This important resource was written by the African Network for the Care of Children Affected by AIDS (ANECCA), an informal network of health workers and social scientists committed to improving care for HIV-exposed and -infected children in Africa.
While most handbooks on paediatric AIDS are from developed countries, this unique publication is designed specifically for use by practitioners in resource-constrained African countries.
The Handbook on Paediatric AIDS in Africa was funded by the Regional Economic Development Services Office of the U.S. Agency for International Development, and its production was managed by FHI 360.
The framework proposed in this handbook follows the United Nations Convention on the Rights of the Child (CRC) and its four principles:
- Right to life, survival, and development
- Right to be treated equally
- Right to participate in activities and decisions that affect them
- All actions should be based on the “best interests” of the child.
This handbook seeks to provide a simple, accessible, and practical handbook for health professionals involved in preventing infection and caring for children infected and affected by HIV. The primary targets are medical students and their lecturers, nurses, clinicians, community health workers, and other service providers in resource poor settings where there is a significant HIV/AIDS burden.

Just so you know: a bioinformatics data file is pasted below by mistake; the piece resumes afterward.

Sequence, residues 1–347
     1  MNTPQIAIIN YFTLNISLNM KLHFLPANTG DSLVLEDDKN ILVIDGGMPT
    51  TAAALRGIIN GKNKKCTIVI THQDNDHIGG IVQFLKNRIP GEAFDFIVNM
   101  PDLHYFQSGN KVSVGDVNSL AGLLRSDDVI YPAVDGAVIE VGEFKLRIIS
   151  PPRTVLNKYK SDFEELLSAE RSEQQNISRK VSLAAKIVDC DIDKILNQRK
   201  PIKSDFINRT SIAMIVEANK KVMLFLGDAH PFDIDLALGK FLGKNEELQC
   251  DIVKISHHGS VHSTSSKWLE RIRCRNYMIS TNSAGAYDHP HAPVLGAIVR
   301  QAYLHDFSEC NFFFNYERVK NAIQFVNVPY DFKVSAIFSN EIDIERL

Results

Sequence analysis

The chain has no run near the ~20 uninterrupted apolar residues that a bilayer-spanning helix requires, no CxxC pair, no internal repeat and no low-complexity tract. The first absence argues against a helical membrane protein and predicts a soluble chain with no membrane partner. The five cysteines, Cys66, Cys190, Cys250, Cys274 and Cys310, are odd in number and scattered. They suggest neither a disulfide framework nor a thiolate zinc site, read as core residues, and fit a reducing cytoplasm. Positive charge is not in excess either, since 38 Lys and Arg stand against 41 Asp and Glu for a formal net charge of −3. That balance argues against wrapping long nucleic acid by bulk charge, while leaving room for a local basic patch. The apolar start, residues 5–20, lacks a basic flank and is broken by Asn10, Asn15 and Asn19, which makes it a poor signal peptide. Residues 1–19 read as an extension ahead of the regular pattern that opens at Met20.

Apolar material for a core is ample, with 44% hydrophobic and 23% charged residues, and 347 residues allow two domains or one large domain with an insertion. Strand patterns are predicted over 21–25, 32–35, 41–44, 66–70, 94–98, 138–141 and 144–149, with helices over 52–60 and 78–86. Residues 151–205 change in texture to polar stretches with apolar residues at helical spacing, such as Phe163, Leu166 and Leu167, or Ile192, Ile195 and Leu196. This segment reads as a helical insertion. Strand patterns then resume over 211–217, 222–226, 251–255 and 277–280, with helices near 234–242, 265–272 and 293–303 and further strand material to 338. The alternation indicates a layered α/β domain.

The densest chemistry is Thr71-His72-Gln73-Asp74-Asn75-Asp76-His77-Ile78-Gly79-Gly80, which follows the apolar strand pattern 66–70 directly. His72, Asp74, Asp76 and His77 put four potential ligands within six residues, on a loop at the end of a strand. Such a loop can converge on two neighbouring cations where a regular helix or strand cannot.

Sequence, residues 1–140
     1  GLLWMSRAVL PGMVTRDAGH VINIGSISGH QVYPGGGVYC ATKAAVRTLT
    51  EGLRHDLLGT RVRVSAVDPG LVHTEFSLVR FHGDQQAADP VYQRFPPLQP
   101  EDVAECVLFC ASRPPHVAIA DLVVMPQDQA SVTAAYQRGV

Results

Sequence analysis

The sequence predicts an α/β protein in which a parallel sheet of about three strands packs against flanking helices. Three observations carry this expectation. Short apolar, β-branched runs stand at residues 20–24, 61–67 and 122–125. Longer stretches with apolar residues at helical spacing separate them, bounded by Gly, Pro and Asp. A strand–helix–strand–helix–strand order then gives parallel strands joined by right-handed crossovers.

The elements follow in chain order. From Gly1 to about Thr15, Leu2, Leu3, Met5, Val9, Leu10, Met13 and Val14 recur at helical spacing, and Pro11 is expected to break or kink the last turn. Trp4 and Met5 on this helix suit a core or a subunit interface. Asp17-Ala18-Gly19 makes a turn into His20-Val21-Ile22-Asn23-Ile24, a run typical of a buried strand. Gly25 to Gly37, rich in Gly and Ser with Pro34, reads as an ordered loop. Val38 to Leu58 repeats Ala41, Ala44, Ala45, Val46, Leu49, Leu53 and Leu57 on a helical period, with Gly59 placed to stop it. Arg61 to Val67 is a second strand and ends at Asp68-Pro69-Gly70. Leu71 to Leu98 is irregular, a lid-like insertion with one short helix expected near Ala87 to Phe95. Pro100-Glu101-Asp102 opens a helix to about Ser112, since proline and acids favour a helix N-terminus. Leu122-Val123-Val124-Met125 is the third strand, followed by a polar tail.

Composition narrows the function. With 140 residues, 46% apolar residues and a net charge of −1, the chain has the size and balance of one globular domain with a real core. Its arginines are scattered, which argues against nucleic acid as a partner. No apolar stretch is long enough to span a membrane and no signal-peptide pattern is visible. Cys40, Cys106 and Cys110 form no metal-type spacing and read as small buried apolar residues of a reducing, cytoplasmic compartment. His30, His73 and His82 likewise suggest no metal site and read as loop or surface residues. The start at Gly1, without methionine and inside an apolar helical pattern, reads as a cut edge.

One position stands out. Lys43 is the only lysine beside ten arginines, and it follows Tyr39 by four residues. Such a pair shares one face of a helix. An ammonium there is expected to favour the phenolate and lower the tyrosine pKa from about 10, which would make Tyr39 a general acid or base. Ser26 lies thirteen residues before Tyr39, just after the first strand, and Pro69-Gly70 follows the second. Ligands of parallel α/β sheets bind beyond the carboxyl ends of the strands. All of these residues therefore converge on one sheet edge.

Research on HIV/AIDS is global and ongoing, and new information becomes available continuously, particularly in the areas of PMTCT and ART; thus, this handbook will be a living document, updated as they learn from their experiences. There are many gaps in knowledge—not only because there is little experience, but also, and perhaps more importantly, because many solid, but small-scale, programmes caring for children are poorly documented.
This handbook will stimulate much-needed dialogue, documentation, dissemination, and learning from these invaluable experiences, however imperfect. In the words of a highly valued colleague and advocate: “They must not allow the excellent to become the enemy of the good.” Let’s not wait for perfect conditions in terms of infrastructure and resources before we provide the care that HIV-infected children in Africa deserve.